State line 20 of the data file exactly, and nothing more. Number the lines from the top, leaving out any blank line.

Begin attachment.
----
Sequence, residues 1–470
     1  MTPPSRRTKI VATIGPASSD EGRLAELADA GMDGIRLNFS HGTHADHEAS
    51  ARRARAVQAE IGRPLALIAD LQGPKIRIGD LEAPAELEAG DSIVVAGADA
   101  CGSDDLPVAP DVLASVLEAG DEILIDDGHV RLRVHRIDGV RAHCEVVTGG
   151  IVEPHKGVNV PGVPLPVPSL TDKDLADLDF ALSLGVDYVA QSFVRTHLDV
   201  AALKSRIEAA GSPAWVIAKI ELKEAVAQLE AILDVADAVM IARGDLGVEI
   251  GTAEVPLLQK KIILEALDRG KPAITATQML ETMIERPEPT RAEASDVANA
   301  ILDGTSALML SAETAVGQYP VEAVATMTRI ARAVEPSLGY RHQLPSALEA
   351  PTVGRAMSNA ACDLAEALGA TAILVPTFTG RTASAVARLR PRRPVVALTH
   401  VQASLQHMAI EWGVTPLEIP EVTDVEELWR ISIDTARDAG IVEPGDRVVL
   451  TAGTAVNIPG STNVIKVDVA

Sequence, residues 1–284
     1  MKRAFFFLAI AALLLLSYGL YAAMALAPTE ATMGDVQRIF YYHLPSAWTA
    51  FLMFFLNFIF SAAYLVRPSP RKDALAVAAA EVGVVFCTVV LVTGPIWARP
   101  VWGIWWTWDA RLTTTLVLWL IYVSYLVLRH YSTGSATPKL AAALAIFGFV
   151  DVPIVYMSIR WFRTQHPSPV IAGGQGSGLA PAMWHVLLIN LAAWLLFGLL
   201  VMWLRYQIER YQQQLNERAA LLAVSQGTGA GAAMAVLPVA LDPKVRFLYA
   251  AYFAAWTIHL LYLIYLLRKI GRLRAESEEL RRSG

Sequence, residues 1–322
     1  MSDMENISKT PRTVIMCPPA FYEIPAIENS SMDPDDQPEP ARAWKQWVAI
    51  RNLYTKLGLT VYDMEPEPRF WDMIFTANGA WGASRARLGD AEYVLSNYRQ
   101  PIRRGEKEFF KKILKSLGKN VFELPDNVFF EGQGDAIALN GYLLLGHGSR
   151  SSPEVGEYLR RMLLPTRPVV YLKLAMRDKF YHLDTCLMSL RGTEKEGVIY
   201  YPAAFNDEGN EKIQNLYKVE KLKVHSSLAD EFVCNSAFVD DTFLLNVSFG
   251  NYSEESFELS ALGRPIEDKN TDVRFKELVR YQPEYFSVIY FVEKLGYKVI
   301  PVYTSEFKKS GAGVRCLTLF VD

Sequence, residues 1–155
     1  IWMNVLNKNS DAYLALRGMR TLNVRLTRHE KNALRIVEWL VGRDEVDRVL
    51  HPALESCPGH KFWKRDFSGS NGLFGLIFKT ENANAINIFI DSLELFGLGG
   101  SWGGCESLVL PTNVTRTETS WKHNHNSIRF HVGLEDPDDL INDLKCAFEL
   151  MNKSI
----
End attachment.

     1  MSDMENISKT PRTVIMCPPA FYEIPAIENS SMDPDDQPEP ARAWKQWVAI